Thus our approach to education is flawed. The system is too rigid and standardised. Students are required to fit into an inflexible mould. Learning is extremely text-book based and alternative channels are not considered.

In Israel, for example, all school students are provided a small tract of land and required to cultivate a crop of their choice on it. They are graded on this and take great pride in their patch of garden. Thus, in Israel manual labour is not looked down upon and farming is prestigious.

Perhaps a similar, more project based approach, might improve matters, here. Environmental Science and Civics, if not tested through exams and instead through practical projects will definitely have a much more lasting effect. A project based approach might spark interest in other subjects, thus leading to students choosing subjects according to interest and aptitude instead of because of the prestige accorded them by society. Over time, we may yet produce interested individuals who use their potential in all fields. Teachers who encourage participation and are more involved in the process of learning will definitely command more respect, which may even lead to a rise in prestige of the teaching profession.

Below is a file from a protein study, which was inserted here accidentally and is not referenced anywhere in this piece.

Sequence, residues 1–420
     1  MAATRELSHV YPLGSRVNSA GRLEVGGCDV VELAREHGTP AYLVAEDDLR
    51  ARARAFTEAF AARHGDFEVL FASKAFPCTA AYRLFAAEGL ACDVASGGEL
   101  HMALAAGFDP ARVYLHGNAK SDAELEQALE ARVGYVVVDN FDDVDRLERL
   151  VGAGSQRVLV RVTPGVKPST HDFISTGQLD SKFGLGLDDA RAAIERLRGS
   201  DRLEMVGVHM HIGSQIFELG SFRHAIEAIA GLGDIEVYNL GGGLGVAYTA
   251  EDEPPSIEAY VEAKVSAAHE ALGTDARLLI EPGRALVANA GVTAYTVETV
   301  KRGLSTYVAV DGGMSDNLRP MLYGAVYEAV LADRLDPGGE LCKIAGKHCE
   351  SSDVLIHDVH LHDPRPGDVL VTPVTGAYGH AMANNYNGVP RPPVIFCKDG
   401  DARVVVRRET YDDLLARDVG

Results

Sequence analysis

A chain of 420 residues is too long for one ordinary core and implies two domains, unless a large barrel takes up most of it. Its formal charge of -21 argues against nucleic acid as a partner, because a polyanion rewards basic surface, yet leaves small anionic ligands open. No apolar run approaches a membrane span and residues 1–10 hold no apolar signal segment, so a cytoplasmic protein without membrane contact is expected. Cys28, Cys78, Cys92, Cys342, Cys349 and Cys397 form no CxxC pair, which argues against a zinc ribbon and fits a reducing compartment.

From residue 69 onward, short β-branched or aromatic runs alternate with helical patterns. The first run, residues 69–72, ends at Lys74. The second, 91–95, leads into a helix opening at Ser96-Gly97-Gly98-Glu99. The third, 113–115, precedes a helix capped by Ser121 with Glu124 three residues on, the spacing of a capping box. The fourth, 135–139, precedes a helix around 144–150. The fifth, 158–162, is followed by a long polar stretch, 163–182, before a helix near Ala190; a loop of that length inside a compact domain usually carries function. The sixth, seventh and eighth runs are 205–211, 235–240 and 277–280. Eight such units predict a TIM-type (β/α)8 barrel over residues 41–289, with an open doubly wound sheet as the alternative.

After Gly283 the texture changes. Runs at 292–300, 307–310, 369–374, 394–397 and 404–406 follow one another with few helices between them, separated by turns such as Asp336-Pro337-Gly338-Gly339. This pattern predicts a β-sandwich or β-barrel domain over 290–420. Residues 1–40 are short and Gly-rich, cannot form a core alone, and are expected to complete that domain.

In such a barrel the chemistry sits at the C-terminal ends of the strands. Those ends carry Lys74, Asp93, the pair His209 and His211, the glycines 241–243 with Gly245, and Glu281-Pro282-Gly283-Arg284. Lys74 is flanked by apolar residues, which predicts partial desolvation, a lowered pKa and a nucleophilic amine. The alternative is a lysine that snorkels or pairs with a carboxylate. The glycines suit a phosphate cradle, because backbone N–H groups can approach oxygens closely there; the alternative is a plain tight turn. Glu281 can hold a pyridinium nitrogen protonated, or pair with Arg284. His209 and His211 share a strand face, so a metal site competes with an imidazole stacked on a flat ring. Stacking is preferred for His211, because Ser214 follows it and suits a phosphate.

The restructuring of an entire system on this scale is naturally not an easy prospect. It will take enormous amounts of time and money. Teachers will have to be retrained, new infrastructure will be required… but in the end, I firmly believe it will be worth all that effort.


ukvvvw said...

This is wonderfully written! Perhaps, another dimension to this would be the number of students with each successive generation waiting to be educated and the wide polarity in affluence and the availability of educational resources in the country. Though the need for a radical change in the system in unquestionable, I am often left wondering how far and how fast it will percolate in India - and that can make a huge difference.

Daughter of the Night said...


And the more I learn about education, the more I am left wondering whether it is necessary (at least in the form it exists) at all. More traditional education methods seem to me more practical, and less likely to manufacture a predominantly Western world-view. (Not that I have an issue with such a world view, just that it's impractical to superimpose it on other cultures, like ours.)